Joanna Newsom plucks that simple harp part, but her instrument functions as a singer/songwriter’s guitar on her The Milk-Eyed Mender. The harp’s angelic sustain and resonance turn Newsom’s melodies into cloud-walks in a Japanese garden, an appropriate setting for her unconventional voice. Newsom sings in a high croak tempered by a southern, Texas trill, as if Björk swallowed Sissy Spacek. She sounds a decade younger than her early 20s and sings stories that sound lifted from a preadolescent’s girl’s puffy-sticker imagination, yet when all of The Milk-Eyed Mender’s naiveté comes together, it lands with heft of an old soul.

Newsom can be a little meandering—she warbles near nonsense such as “a little wicker beetle shell/ with four fine masts and lateen sails” and “A thimblesworth of milky moon/ Can touch hearts larger than a thimble” in “Bridges and Balloons” before leveling a full-throated “Oh my love/ Oh, it was a funny little thing/ to be the ones to’ve seen” that catches your breath—but if you give her your attention, she’ll take you on a journey. Her fairy-tale lyrics don’t always weather examination—“Never draw so close to the heat/ That you forget that you must eat” (“En Gallop”), “And the rest of our lives will the moments accrue/ When the shape of their goneness will flare up anew” (“This Side of the Blue”)—but her songs feel more interested in word sounds than meanings, telling stories emotionally rather than literally. And when Newsom’s wide-eyed musical alchemy combines just right—“Sadie,” “Peach, Plum, Pear”—it emits a stark force.

Of the three, Banhart delivers the most consistently, if only because each of his songs is a camera-obscura image of some scene in his overactive imagination. Building slightly on the threadbare home recordings of his 2002 debut, Oh Me Oh My . . . , Rejoicing adds some other textural elements to his craft but for the most part relies entirely on guitar and voice.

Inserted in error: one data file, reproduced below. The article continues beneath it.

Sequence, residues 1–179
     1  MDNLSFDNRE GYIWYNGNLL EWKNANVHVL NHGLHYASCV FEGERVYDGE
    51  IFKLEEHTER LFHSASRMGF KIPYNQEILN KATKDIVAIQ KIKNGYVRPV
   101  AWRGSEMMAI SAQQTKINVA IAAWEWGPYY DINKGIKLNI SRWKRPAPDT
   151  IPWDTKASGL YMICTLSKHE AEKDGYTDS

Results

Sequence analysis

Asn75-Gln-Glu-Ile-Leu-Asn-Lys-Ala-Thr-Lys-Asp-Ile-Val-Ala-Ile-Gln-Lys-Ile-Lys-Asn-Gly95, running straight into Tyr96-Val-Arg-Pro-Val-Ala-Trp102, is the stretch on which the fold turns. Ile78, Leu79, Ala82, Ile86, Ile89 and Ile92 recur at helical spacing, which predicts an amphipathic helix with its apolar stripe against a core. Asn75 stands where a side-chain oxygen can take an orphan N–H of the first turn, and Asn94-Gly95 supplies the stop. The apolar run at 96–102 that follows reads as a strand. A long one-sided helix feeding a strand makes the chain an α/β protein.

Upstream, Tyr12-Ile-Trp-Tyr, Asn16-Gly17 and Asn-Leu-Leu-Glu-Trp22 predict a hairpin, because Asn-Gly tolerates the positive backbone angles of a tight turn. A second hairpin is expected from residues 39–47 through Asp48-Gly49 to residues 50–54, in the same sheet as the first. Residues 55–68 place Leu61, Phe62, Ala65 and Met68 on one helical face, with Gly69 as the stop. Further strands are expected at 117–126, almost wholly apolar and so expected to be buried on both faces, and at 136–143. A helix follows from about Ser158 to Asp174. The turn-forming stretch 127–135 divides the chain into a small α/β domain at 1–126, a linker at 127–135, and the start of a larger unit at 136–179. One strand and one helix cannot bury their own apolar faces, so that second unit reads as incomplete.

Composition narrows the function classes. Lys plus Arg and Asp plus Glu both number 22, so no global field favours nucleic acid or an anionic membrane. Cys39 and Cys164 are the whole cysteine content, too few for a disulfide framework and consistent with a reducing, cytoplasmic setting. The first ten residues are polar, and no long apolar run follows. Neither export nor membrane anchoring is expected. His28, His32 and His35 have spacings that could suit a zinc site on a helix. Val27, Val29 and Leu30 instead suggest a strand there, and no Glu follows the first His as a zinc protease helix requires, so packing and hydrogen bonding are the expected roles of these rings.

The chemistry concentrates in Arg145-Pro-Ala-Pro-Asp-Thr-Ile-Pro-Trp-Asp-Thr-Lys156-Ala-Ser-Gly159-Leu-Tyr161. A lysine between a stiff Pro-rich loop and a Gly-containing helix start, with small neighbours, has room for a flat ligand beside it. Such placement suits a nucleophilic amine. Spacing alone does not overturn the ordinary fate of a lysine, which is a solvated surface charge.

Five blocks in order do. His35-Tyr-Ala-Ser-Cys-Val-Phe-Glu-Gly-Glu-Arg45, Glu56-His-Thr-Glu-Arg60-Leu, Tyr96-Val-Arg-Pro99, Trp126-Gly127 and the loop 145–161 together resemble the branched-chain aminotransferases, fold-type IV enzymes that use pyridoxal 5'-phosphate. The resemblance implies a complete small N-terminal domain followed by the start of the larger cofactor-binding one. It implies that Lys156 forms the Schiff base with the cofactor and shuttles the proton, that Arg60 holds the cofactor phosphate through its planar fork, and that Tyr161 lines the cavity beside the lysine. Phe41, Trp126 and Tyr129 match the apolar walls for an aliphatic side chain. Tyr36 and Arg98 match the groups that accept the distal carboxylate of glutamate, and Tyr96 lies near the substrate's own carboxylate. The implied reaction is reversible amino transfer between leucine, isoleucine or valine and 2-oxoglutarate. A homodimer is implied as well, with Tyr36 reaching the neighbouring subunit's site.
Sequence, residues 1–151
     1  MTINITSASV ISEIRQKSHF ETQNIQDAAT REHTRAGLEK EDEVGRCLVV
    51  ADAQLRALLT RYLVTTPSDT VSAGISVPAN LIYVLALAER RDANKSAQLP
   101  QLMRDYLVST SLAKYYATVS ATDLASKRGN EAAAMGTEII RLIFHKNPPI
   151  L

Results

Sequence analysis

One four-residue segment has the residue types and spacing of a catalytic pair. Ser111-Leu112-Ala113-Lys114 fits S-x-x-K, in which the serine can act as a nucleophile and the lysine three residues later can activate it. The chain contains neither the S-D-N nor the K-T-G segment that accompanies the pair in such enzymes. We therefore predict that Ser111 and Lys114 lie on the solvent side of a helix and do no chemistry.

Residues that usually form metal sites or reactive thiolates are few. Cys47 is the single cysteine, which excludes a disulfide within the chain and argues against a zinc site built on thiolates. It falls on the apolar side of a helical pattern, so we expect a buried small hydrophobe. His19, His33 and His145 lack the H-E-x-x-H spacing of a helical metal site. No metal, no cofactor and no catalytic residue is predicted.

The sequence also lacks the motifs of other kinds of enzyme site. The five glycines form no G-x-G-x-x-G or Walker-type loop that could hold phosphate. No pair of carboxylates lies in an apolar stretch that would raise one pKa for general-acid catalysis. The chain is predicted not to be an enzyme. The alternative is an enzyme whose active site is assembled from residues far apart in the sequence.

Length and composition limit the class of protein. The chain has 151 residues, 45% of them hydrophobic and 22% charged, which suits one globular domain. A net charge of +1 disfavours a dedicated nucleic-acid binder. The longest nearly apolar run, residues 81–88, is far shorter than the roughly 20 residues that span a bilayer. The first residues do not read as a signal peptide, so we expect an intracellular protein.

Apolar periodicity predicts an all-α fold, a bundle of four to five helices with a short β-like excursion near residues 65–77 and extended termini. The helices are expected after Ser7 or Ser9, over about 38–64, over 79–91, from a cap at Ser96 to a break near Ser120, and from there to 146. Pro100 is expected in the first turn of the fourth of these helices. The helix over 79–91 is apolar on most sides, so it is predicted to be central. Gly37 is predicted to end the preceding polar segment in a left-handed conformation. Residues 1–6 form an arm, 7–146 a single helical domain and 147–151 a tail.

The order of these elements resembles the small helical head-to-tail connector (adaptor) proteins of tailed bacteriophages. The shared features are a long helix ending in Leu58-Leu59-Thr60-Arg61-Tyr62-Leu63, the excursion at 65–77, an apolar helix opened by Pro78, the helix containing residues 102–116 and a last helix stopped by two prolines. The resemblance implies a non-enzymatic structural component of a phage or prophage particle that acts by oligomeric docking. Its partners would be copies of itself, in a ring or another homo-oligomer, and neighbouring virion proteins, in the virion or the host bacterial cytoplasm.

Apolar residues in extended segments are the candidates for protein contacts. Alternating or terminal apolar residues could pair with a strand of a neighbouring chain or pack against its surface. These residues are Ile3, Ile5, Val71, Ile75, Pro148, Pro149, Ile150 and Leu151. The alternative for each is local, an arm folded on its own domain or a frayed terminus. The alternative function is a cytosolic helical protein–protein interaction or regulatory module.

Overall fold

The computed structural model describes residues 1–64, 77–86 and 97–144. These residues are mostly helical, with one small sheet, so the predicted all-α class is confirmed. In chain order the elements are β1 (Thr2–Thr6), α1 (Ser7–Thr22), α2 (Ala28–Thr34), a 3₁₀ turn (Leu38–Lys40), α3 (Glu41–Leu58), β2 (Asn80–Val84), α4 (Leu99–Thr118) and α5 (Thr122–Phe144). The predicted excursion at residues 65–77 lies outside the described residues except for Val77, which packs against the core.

And that is all he really needs, for his quivering articulations of whimsically convoluted songs is a lightheaded rush, like smoking a first cigarette in Mexico City’s altitude. On the page, Banhart’s songs read like Beckettian sentence dead ends—“The body aches and that ache takes time/ but you’ll get over yours and I’ll get over mine”—but his phrasing of the line gives that ache a metaphysical pull, as if he’s talking less about physical than emotional grief.

The specter of inner turmoil lurks in the background of Banhart’s songs like a demon outline in a Goya painting; sometimes it’s more pronounced than others. What’s disarming is how he uses this murky backdrop as the pool from which all other emotions run. He turns anatomical collage—“Now because my teeth don’t bite, I can take them out dancing/ I could take my little teeth out and show them a real good time”—into a joyous reverie, the “real good time” of that line becoming a percussive mantra as Banhart repeats it. A guitar line provides the prayer-dance melody for the title song, a Mother Earth elegy on which Banhart is joined by the ’60s folkie Vashti Bunyan. And the giddy “Todo los Dolores”—literally, “all the sorrow”—is one of the happiest songs on the album. Banhart’s interest in sadness isn’t a pessimist’s, however, as his ability to sound the deepest lows, only to return with beatific highs, feels less like misery-wallowing than a giddy interest in all that life can offer.